How do we capture the patient voice to shape the future of care in the U.S.? The question is one that continues to be key for healthcare stakeholders nationwide.
Tom Valuck, partner at Discern Health, addressed the question in two recent Astellas breakfast meetings – one at this year’s Urology Care Foundation (UCF) Advocacy Hub and one at the recent American Society of Clinical Oncology (ASCO) annual meeting.
A different attitude
“We’ve all experienced problems navigating the healthcare system, and we’re supposed to be the ones who understand it. If I can’t figure it out, what are patients experiencing?”
Now, critically, there is a shift toward patient-centered care, says Valuck. Yet this is a far cry from how patient feedback was treated ten years ago, during his time as a Medical Officer and Senior Adviser at the Centers for Medicare & Medicaid Services (CMS).
According to Valuck, the attitude toward patient-centeredness back then was wholly ironic: “We spent little time listening to Medicare beneficiaries,” he explains. “We were constantly debating patient care with providers, without paying attention to the patient voice.”
But that attitude is now in the past. Evolving insurance models, new data sources, and increased transparency are driving attention to patient input in care decisions and system reform.
The result is a growing and highly valuable resource, the patient voice, says Valuck.
“The positive impact of safety, self-care, and dignity all underscores the need for the patient voice in care.”
No longer survey satisfaction
So how can the patient voice be empowered? According to Valuck, the answer lies in patient-reported outcome (PRO) measures.
Unlike traditional provider-focused outcome measures, PROs come straight from the person concerned and without any interpretation from a middleman. The result is a direct record of how a patient experienced or evaluated the results of their care. These are firsthand reports that help physicians better understand what matters most to their patients. This information can then be fed into patient care pathways and the overarching health system to improve understanding of individual and population needs.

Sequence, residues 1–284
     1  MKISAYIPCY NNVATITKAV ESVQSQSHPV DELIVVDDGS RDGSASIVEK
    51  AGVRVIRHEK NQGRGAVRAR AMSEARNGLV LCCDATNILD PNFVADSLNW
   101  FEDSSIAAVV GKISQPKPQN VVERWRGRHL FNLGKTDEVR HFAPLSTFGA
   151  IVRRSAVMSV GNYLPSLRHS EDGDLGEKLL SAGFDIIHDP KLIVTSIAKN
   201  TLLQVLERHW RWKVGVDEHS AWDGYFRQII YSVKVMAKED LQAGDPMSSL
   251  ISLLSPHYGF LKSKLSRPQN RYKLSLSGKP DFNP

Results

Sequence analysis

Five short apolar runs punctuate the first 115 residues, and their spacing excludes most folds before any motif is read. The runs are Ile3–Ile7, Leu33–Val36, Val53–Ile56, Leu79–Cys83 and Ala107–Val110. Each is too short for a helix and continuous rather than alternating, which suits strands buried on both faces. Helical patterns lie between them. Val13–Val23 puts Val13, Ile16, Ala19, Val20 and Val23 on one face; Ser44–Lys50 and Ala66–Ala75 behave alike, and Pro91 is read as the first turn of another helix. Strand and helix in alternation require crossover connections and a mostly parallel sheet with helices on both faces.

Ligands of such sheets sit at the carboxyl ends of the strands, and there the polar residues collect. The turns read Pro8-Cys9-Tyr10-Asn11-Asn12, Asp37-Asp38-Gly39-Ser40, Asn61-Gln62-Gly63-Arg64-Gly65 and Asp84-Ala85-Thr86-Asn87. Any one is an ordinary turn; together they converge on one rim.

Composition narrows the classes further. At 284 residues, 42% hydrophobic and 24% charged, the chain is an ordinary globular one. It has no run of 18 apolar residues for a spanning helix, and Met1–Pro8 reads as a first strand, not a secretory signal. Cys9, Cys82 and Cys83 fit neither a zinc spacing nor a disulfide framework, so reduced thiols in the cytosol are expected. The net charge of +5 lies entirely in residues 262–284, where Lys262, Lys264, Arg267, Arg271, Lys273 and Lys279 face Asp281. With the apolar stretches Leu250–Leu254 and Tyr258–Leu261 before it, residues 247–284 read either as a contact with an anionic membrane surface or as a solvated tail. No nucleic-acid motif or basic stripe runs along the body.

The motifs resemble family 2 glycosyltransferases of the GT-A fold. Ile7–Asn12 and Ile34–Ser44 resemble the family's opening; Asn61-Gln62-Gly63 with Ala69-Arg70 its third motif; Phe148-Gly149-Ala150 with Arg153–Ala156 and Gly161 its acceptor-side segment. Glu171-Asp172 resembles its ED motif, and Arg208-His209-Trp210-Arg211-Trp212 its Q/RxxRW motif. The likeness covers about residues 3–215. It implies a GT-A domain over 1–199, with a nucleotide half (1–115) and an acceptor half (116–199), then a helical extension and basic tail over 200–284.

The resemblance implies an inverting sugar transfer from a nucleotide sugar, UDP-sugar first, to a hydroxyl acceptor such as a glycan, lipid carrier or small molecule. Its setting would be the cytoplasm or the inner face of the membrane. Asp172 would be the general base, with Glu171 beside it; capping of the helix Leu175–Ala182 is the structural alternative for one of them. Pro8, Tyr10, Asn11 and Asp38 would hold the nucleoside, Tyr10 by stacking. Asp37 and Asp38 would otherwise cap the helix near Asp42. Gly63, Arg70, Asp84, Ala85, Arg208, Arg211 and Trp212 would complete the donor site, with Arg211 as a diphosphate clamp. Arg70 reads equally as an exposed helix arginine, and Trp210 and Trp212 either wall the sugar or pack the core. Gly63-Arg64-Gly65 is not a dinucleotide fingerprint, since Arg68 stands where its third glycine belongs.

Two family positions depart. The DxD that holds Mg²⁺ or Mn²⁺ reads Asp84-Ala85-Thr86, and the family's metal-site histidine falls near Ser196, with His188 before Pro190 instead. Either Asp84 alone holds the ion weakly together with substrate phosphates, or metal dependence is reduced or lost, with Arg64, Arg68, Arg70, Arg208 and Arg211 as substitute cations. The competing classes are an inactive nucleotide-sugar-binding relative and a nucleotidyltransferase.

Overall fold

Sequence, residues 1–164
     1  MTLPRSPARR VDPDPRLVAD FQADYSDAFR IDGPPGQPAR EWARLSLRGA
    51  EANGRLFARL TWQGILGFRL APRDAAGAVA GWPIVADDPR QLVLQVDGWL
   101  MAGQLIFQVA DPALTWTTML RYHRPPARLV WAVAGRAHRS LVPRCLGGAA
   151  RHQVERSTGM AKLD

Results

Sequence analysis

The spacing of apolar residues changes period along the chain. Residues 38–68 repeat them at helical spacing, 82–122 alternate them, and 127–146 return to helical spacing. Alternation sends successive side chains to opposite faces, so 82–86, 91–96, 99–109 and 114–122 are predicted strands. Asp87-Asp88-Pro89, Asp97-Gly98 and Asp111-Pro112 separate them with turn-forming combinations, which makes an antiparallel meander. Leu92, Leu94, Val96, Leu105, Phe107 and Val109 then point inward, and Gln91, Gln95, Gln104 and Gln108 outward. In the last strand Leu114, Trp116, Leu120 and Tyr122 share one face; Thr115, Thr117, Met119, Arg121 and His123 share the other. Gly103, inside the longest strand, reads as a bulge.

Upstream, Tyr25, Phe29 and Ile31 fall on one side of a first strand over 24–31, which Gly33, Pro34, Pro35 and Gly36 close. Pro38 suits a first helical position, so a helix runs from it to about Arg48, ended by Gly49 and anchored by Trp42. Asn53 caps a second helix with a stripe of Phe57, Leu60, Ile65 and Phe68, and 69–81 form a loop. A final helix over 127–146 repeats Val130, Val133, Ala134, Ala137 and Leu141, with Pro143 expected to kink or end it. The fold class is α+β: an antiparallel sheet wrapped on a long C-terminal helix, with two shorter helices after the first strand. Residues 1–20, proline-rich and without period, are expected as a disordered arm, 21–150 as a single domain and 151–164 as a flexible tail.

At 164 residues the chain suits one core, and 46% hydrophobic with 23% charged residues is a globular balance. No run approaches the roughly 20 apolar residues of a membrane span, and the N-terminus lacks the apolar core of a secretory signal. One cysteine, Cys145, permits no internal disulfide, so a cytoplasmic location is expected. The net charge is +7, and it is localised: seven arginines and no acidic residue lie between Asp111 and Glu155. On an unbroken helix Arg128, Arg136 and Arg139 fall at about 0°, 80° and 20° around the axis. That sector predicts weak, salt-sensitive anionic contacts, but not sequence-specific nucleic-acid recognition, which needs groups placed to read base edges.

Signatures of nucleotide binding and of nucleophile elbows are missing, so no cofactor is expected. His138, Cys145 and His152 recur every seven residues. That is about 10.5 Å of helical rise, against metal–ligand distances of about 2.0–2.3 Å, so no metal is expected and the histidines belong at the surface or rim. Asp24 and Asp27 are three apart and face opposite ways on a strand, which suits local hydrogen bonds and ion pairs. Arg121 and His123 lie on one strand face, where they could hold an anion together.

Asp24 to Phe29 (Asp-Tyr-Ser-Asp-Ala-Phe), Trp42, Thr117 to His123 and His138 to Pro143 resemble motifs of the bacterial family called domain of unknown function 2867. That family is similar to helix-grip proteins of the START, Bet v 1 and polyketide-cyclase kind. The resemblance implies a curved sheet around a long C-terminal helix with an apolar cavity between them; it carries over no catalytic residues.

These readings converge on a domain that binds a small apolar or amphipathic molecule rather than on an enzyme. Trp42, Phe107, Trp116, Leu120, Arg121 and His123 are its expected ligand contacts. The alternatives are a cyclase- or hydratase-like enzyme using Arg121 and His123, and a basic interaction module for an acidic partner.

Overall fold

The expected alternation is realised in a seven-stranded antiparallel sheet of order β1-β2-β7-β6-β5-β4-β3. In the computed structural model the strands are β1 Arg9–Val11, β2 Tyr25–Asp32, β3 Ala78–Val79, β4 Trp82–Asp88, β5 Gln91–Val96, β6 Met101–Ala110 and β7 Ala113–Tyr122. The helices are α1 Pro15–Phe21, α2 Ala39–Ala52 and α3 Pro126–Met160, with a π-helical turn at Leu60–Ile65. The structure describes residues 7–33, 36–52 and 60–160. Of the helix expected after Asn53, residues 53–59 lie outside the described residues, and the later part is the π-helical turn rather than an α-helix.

“We’re not solely looking at the clinician’s perspective alone anymore. Now, we’re looking at the impact that care is having on the patient as well. PROs help us understand the key components of patient care.
“Now, we can investigate important aspects of care like communication. Did patients receive essential information? Did they understand the resources they were given? What matters most to their quality of life? These haven’t been the primary aspects of care healthcare providers consider.”
Now is the time
“Now is the time for patient advocacy organizations to work together to capture and amplify the patient voice to make a difference,” said Valuck, delivering the wrap-up of his talks.
We can all take steps to promote patient engagement, not only on the front lines, but also in the health system more broadly, he explains. “Encourage patients to get involved and spark conversations about policy matters and system reform.”
Valuck summarizes his approach in three key points. The first: we manage what we measure. “If we don’t have measurements to identify the gaps in what we’re doing, we won’t know how to improve.”
The second: we get what we pay for. “Performance measurement is increasingly used for payment incentives to reward the type of care we want to see. If we want patient-centered care, we need more patient-centered measures.
And finally: we are the solution. “Nobody else is going to do this. We need to work together to advocate for measurement and payment solutions to bring more attention to the patient voice in care and system improvement.
“We want to make sure we’re reminding policy makers that it’s not just about clinical outcomes from the provider point of view – it’s also about how patients experience care and evaluate their outcomes.”